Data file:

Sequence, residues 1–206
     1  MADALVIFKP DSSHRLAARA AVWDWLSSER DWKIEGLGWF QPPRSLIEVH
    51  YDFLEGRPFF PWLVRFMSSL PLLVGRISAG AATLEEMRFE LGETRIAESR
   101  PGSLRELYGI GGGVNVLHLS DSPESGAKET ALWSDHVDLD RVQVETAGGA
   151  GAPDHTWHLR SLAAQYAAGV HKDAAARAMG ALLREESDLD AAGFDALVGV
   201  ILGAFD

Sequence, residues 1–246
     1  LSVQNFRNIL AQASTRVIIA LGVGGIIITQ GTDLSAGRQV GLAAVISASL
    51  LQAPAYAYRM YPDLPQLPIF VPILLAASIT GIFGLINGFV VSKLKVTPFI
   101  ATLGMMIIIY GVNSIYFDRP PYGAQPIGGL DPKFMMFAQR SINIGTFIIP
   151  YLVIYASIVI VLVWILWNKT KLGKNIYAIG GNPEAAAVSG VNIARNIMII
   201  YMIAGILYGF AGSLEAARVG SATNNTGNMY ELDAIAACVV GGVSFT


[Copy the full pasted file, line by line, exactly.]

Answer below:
Sequence, residues 1–206
     1  MADALVIFKP DSSHRLAARA AVWDWLSSER DWKIEGLGWF QPPRSLIEVH
    51  YDFLEGRPFF PWLVRFMSSL PLLVGRISAG AATLEEMRFE LGETRIAESR
   101  PGSLRELYGI GGGVNVLHLS DSPESGAKET ALWSDHVDLD RVQVETAGGA
   151  GAPDHTWHLR SLAAQYAAGV HKDAAARAMG ALLREESDLD AAGFDALVGV
   201  ILGAFD

Sequence, residues 1–246
     1  LSVQNFRNIL AQASTRVIIA LGVGGIIITQ GTDLSAGRQV GLAAVISASL
    51  LQAPAYAYRM YPDLPQLPIF VPILLAASIT GIFGLINGFV VSKLKVTPFI
   101  ATLGMMIIIY GVNSIYFDRP PYGAQPIGGL DPKFMMFAQR SINIGTFIIP
   151  YLVIYASIVI VLVWILWNKT KLGKNIYAIG GNPEAAAVSG VNIARNIMII
   201  YMIAGILYGF AGSLEAARVG SATNNTGNMY ELDAIAACVV GGVSFT